Exclusive Interview: Payoneer CEO Sees Brexit May Have Effect on Cost Structure

Payoneer serves millions of corporate payers, most notably Google, Amazon, Airbnb, and Upwork.

Cross border transactions solutions always represent huge opportunities for growing businesses, as well as a tremendous amount of risk.

While companies in the B2C payment sector such as PayPal, Skrill, and other well-known providers get the most media attention, e-commerce has accelerated the trend of cross-border B2B commerce.

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Founded in 2005, Payoneer started as a prepaid card company that provided online cross-border payment services, but later it recognized a broader set of trends that were shaping the B2B world and B2B payment needs.

Today, the firm enables millions of businesses and professionals to reach new audiences by facilitating seamless, cross-border payments with an array of flexible payment methods, including local bank transfers and in-network payments, and a wide number of added services, like risk monitoring, regulatory compliance, and tax form automation. Further, the New York City-based company is now able to offer escrow-as-a-service (EaaS) after its latest acquisition of Armor Payments.

In a bid to better make sense of global cross-border e-commerce, Finance Magnates spoke with Payoneer CEO Scott Galit to get his take on the company’s launch into the UK market, Brexit impacts on digital payments arena, and what’s next for Payoneer and the industry at large.

To get started and give our readers who may not be familiar with the company a little bit of background, how would you explain Payoneer’s business?

Payoneer is a cross-border B2B payments platform that empowers business and professionals all over the world to pay and get paid globally, as easily as they do locally. The company was founded in 2005, and since then, we’ve grown to support customers from over 200 countries and territories, transacting in 150 currencies. Payoneer’s customers also benefit from a wide array of complimentary services, including an incredibly robust and developed regulatory compliance and risk monitoring platform, and new functionality like the automated tax form service, online payment management, and more.

Did you choose to get into the B2B side of payments, as opposed to B2C, from the beginning, or was this something that evolved over time? And do you believe that there are attractive advantages for B2C businesses globally that could attract attention and investment away from the B2B side? By the way, we have a similar dilemma here at Finance Magnates.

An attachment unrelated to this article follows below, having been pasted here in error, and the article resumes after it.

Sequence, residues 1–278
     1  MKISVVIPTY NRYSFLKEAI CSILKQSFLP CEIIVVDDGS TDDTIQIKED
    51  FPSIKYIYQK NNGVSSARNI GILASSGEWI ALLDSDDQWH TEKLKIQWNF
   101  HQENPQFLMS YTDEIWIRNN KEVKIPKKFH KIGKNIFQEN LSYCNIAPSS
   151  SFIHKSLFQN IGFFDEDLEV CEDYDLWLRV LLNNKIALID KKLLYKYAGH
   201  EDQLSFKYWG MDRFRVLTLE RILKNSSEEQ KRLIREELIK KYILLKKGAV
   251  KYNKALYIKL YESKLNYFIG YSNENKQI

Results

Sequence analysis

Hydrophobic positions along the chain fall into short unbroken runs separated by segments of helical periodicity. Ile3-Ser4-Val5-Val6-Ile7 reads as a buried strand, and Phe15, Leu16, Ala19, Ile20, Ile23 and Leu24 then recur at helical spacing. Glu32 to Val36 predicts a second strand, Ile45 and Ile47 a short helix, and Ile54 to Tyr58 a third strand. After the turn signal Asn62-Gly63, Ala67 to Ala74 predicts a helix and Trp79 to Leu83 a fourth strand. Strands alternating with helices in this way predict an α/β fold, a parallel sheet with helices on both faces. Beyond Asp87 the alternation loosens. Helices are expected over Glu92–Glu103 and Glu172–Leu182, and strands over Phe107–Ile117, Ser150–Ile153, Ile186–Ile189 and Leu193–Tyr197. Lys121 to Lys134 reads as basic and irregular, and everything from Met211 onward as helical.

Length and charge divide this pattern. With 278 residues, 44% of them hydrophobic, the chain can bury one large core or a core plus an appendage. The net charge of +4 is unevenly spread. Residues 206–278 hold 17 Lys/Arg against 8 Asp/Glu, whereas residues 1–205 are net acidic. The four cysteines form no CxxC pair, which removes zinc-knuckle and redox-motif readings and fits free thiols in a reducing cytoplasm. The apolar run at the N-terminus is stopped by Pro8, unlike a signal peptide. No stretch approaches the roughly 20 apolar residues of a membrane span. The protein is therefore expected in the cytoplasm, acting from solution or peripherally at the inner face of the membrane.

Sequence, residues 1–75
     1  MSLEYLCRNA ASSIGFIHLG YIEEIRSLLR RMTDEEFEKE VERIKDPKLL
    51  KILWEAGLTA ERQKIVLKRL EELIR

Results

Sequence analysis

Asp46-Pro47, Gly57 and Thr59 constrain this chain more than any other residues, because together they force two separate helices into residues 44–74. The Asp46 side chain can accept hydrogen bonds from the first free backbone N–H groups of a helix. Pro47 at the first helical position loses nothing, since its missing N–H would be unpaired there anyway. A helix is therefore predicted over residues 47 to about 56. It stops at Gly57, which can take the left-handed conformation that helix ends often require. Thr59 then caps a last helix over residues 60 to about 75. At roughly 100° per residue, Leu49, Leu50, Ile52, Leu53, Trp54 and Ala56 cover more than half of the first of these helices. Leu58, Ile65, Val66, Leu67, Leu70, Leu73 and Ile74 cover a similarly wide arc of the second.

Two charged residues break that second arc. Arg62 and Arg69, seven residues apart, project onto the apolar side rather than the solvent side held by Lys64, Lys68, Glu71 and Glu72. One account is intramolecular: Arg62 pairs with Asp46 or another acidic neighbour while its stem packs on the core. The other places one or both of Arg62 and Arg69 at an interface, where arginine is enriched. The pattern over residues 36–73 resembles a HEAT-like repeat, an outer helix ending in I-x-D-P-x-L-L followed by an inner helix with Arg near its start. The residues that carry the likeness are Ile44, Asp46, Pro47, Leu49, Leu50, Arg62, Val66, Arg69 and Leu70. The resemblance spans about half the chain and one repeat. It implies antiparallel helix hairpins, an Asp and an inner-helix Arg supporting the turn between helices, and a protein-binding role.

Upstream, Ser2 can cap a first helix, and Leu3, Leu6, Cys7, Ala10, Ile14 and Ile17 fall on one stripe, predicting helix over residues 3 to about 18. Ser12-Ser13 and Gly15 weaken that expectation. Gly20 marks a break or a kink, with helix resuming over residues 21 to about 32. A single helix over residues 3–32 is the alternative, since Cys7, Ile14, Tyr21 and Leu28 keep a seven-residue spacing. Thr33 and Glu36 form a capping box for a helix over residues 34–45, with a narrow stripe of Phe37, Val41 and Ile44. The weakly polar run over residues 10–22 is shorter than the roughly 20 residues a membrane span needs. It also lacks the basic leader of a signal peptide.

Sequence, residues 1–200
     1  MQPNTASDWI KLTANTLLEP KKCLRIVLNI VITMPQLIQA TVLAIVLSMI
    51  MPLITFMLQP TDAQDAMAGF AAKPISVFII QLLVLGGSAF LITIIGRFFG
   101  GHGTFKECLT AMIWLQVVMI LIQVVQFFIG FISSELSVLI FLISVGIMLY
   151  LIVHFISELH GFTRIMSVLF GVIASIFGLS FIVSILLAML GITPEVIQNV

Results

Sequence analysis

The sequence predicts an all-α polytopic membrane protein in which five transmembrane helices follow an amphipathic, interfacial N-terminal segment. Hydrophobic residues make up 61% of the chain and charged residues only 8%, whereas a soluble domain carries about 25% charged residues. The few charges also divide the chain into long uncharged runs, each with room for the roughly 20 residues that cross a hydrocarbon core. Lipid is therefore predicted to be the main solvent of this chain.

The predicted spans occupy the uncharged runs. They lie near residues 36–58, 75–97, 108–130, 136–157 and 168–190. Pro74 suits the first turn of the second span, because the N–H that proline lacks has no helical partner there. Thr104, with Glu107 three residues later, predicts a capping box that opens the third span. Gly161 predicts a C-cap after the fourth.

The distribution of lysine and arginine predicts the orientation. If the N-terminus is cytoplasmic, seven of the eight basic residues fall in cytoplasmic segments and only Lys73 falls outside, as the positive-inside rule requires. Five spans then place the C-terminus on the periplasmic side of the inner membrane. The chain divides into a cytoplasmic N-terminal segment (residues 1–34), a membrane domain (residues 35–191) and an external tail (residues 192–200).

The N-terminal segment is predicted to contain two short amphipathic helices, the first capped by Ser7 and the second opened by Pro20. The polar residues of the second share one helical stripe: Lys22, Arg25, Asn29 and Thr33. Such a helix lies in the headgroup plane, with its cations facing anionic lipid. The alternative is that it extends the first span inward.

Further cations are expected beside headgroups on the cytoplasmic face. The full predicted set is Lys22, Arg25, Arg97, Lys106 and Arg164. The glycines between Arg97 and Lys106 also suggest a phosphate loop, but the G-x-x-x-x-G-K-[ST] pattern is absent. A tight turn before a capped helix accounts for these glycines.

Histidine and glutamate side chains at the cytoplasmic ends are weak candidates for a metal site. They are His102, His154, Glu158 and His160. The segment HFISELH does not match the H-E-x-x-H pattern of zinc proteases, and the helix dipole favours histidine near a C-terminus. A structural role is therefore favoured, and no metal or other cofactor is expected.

At the beginning, we were a hybrid between B2B and B2C. We straddled the two worlds to some extent. We were focused on selling payout solutions to marketplaces to help them make global payments, but the vast majority of the payments we were helping them make was to individual sellers and service providers.

There were a number of directions we could have gone as we evolved. Ultimately, we saw that the biggest problems we were solving were the incredible challenges involved in cross-border B2B payments. A new business model had been brought about by online marketplaces and the expansion of the digital universe. For the first time, third-party marketplaces had created global opportunities at a scale that had never existed before. Consumer remittance had been a problem for a long time, but the internet had opened the ability for professionals and small businesses to sell outside of their home markets in ways that weren’t possible before. It created a massive problem for B2B payments.

Over time, we focused our resources and continued to invest more on the B2B side. We have never been a B2C company, but there’s certainly still part of our business that’s for individual professionals.

Payoneer has grabbed B2B startup Armor Payments to create a global B2B money transfer network. Does this signal a larger acquisition strategy for the company, and is your way ahead going to be more as an acquirer than as a developer of new innovations?

We’re building a unique global platform at Payoneer. This has necessitated the creation of a significant cross-border infrastructure, which has developed both organically and through acquisitions. We see the opportunity to make strategic acquisitions and form key partnerships as a means to more quickly address new customer segments and needs. That said, we’re also investing absolutely massive amounts in growing our organic capabilities. Over the next couple of years, we’re more than doubling our technology and product teams.

Who uses Payoneer and how large is the client base? Please mention some of the most notable clients that the company has, and what are your strongest selling points?

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As I mentioned, Payoneer has two groups of customers – the companies that we enable to make payments globally, and the small businesses that are using Payoneer services to get paid by their clients. Today, we service millions of small business customers and tens of thousands of corporate payers, most notably Google, Amazon, Airbnb, and Upwork. For our marketplace clients, our biggest selling points are our global reach, incredibly robust compliance and risk capabilities, a simple API integration, tax form automation services, and the ability to tap into our Payoneer ecosystem of small businesses, sellers and service providers all over the world. For our small business customers who are receiving funds, we offer instant payments from our network of corporate payers, and for those sending cross-border B2B payments, our unique global billing service makes it as easy as sending local ones. Every Payoneer offering comes with: fast payment delivery times; flexible payment methods; 24/7 customer support in 35 languages; low prices; and an incredibly powerful Payoneer Account that allows them, among other things, to track the status of their payments and make in-network payments for free.